For instance, a subway system costs far more than a bike sharing system, but the comparison between the demand that can satisfy each one of the system is substantially different.

A subway system is the prime example of massive public transportation system, for example, at peak-hour L1 Metro Santiago W-E direction amounts to 60,000 pax per hour. Santiago (and mainly in the rest of the cities) Metro represents 22 percent of labor commutes and bike only 5 percent (mainly private bikes). Furthermore, both measures help citizens, but Metro positive externalities are remarkably higher in terms of quantity and global impact. In the Barcelona case, they need more or less the same rate of subsidy as Metro or Bus.

For the same budget, another option could be giving subsidies to create buying incentives for high-standard bicycles or even electric bicycles. For example, in the Barcelona case, currently the bike sharing system has 6,000 bikes. Only with the maintenance costs, the municipality could distribute between 40,000 to 60,000 high-standard bicycles for free to its citizens (considering the estimated bike price: 300 Euros).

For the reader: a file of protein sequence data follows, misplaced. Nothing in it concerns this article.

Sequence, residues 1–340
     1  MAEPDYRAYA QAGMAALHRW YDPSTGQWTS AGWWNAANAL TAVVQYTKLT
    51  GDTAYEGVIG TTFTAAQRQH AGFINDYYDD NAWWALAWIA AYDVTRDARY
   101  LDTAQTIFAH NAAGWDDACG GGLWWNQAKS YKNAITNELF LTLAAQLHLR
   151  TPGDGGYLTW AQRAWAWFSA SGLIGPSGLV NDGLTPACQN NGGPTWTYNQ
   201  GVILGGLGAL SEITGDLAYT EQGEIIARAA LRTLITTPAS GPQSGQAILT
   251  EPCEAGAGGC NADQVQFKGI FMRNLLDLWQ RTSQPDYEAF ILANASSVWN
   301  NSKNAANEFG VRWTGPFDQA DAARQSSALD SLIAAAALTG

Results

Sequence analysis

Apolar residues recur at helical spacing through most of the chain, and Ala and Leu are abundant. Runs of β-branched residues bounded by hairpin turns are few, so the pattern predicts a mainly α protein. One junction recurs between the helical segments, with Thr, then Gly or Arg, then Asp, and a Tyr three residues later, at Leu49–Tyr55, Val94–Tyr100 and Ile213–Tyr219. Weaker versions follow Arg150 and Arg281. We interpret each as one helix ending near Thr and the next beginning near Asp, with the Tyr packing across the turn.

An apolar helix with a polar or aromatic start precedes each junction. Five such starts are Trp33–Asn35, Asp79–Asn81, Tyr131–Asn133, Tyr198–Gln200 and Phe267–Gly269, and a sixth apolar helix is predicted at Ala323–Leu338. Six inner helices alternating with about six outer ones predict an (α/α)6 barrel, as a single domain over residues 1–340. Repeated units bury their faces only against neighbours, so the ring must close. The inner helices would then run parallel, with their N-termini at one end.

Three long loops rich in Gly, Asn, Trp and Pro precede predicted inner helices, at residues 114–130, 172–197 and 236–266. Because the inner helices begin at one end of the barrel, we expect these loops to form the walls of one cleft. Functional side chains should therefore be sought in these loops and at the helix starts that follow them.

Indeed, Barcelona had the option of buying either 320,000 high-standard bikes or building up to 1800 kms of on-street bike lanes since 2007 with exactly the same amount of money.

Do you think bike sharing systems are the right approach to improve urban mobility? Share your opinion in our comment section.

Please note that this article expresses the opinions of the author and does not reflect the views of Move Forward.



  • herrbremerhaven
    31. July 2015 at 20:22

    The €300 per bicycle seems incredibly low, but I find the rest of the numbers interesting. One common complaint from US car drivers is that bicyclists are not paying road taxes, and hence not contributing to road repairs. It’s not a great argument, and one more of perception, but it is a barrier to overcome. Bicycles are too often seen as obstacles, instead of relieving traffic congestion, though awareness campaigns in media could bridge these gaps.

    I like the incentive idea, and it would make me think more about adding electric mobility to a bicycle, for even greater convenience. One device that attracted my interest is the Copenhagen Wheel, though it’s not cheap, and the first generation is a bit heavy. Something as easy as swapping a rear wheel seems like a great solution.